Market changes drive the evolution of data center management
Outsourcing is a trend seen in almost every sector of the economy, and the data center industry is no exception. This kicks off our series of articles on how data center facilities management is changing the operating models of REITs and data center providers.
The demands of today’s modern IT environment indicate the need for high levels of agility. It doesn’t just revolve around technology, but also about evolving and adapting to market and business demands. This means seamlessly scaling an environment based on a data center’s IT and business goals.
Outsourcing is a growing trend in almost every vertical and business segment. But what happens when too much is put on the plates of data centers and business leaders? Suddenly, they are more focused on managing various facility details than ensuring that data centers run smoothly, and every executive must consider whether outsourcing in a particular area makes sense and is profitable.
Outsourcing facilities management enables organizations today to have a more successful digital transformation strategy.
This is where we begin to change the way we think about REITs, data centers, and managing large data center campuses. In many situations, outsourcing facilities management, based on the specific needs and idiosyncrasies of the type of facility and data center provider or REIT business, will help an organization become a public company. flexible rather than a set of properties. Additionally, facilities management outsourcing enables organizations today to have a more successful digital transformation strategy. This is the crucial difference to remember. And it’s operational change that helps REIT and data center leaders become more operationally efficient and save a lot of time and money in the process.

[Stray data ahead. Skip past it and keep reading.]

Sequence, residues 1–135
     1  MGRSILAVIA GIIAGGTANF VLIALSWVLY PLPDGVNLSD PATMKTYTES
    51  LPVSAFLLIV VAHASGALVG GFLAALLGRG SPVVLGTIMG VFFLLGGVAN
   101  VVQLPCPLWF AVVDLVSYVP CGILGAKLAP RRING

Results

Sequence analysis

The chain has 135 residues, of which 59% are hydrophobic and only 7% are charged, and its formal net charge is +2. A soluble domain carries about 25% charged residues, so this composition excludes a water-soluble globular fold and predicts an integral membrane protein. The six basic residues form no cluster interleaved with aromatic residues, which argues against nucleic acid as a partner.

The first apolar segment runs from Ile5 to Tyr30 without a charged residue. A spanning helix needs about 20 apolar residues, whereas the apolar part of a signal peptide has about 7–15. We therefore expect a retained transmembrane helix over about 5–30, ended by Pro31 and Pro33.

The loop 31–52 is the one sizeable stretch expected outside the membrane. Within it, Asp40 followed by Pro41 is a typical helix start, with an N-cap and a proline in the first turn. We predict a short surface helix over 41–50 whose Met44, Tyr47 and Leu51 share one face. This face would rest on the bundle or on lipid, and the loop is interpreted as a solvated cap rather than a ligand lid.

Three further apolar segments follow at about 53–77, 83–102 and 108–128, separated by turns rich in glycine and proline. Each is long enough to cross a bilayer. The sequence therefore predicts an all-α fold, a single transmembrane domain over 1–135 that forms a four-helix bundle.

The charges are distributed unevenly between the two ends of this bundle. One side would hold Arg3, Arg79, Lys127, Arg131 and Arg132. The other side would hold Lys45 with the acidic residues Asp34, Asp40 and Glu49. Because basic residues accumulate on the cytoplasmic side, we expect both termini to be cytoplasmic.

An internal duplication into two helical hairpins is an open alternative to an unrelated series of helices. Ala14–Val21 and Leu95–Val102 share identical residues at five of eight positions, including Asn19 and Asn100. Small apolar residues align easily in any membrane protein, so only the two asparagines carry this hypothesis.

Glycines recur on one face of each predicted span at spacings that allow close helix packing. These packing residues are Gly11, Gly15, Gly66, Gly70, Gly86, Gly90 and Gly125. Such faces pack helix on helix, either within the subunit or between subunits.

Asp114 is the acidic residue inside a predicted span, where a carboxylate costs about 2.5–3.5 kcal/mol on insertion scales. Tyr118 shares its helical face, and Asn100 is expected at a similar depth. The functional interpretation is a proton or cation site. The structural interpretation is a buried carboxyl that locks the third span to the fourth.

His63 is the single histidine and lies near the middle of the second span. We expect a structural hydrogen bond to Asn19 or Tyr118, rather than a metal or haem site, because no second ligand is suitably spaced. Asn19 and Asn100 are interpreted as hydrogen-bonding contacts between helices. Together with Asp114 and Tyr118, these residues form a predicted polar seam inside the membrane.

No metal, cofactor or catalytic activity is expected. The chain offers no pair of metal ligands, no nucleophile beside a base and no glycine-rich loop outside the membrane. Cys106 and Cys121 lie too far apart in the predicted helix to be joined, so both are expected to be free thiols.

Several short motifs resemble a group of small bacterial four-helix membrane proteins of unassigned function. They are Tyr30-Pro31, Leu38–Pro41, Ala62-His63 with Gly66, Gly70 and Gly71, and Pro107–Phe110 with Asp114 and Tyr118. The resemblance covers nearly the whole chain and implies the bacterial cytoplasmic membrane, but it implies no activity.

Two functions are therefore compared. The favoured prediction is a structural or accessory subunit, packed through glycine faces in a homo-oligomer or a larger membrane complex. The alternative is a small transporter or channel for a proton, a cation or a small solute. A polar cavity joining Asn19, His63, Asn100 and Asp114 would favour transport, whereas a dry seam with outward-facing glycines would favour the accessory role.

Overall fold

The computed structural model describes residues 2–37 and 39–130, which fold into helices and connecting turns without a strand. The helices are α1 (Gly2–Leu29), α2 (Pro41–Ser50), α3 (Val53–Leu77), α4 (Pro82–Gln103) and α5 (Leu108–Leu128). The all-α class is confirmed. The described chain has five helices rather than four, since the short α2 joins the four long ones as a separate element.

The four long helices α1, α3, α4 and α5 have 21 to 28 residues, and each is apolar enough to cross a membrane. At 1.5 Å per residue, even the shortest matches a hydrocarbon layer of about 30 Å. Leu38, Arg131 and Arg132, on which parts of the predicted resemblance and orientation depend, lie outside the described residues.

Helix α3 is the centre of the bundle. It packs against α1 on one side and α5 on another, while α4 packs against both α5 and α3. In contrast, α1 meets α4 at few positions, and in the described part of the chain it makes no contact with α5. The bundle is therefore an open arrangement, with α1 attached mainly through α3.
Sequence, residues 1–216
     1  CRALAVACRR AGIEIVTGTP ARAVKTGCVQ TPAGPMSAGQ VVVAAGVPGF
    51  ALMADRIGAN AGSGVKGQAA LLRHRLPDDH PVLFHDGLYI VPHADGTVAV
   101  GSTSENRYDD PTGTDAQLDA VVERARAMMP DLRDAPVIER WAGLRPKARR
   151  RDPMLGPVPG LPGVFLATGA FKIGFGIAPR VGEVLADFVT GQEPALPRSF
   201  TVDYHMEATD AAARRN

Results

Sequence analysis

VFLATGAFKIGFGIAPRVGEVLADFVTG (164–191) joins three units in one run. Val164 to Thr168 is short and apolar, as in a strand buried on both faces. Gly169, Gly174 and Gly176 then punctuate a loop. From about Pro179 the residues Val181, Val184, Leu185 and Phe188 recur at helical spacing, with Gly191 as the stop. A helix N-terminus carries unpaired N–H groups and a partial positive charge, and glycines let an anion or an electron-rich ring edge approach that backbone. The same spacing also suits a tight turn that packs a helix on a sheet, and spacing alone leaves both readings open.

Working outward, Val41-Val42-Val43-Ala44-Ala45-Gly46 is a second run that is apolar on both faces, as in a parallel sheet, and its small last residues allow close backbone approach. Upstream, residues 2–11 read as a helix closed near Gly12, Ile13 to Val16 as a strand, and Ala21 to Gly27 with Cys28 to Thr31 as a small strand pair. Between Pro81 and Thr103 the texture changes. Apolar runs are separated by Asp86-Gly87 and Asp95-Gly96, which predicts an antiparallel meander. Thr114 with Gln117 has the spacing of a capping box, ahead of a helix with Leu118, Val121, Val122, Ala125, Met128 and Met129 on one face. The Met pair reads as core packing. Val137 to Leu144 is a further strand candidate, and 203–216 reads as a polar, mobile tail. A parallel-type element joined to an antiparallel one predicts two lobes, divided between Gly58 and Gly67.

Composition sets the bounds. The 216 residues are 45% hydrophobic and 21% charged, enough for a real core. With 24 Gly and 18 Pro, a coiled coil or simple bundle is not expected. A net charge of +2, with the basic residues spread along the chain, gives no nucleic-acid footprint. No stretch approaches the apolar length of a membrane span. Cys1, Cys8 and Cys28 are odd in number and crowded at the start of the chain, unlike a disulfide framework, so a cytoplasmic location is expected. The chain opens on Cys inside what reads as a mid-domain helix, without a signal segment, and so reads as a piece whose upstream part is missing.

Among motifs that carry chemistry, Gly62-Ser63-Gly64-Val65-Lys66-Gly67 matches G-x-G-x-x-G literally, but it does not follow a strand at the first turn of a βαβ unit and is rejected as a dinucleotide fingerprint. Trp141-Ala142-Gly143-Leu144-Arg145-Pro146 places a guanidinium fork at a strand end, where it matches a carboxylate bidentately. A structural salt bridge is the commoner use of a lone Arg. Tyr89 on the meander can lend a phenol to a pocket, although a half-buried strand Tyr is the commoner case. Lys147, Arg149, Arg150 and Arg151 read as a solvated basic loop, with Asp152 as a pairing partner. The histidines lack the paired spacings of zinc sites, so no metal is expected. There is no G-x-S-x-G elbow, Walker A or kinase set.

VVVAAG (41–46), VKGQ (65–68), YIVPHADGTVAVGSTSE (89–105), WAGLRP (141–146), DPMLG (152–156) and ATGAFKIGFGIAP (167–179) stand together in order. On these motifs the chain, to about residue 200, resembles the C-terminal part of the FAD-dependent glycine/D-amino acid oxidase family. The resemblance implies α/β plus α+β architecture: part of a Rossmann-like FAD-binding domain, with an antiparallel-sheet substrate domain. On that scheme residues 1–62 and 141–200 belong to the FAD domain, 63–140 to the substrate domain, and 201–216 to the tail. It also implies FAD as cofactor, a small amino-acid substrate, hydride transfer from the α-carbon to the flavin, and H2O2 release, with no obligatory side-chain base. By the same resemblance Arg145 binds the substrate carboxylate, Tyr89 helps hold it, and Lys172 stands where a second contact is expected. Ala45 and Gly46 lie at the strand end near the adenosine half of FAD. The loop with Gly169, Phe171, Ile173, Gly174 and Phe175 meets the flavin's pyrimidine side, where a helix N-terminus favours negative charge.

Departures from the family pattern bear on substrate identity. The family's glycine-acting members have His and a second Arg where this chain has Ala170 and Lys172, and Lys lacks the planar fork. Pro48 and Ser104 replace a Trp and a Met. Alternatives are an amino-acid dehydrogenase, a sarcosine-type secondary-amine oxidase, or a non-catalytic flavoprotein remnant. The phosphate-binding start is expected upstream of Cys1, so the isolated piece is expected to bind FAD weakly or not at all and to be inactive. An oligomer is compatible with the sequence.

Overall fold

This series of articles takes an entirely new approach to real-world data center success. We’ll look at the importance of outsourcing, how data centers are viewed as an asset class, the direct impact of outsourcing on EBIDTA, and how you can provide thought leadership through outsourcing and market differentiation services.
Market changes drive the evolution of data center management
There has been substantial growth in the data center sector. A new report from Fortune Business Insights indicates that the global demand for more efficient computing technologies combined with the economic benefits of modern, consolidated connectivity applications has contributed to the exponential increase in the scale and power of data centers. As the report highlights, the global data center infrastructure market size is expected to reach $142.31 billion by 2027, compared to 2019, when the global market value was $94.56 billion. dollars.
“The ever-increasing need for data exchange, storage and security is expanding the demand for data centers in the United States, but one solution does not fit all.” Pat Lynch, Executive General Managers of Data Center Solutions at CBRE
The growing use of data centers by organizations amid the Covid-19 pandemic has further fueled the growth of this market and the importance of business agility in the online space. Additionally, rapidly changing global market competitiveness and advanced technologies, such as cloud computing and big data, have made it easier and cheaper for businesses to shift their workload to data centers. in colocation, stand-alone or on a large scale.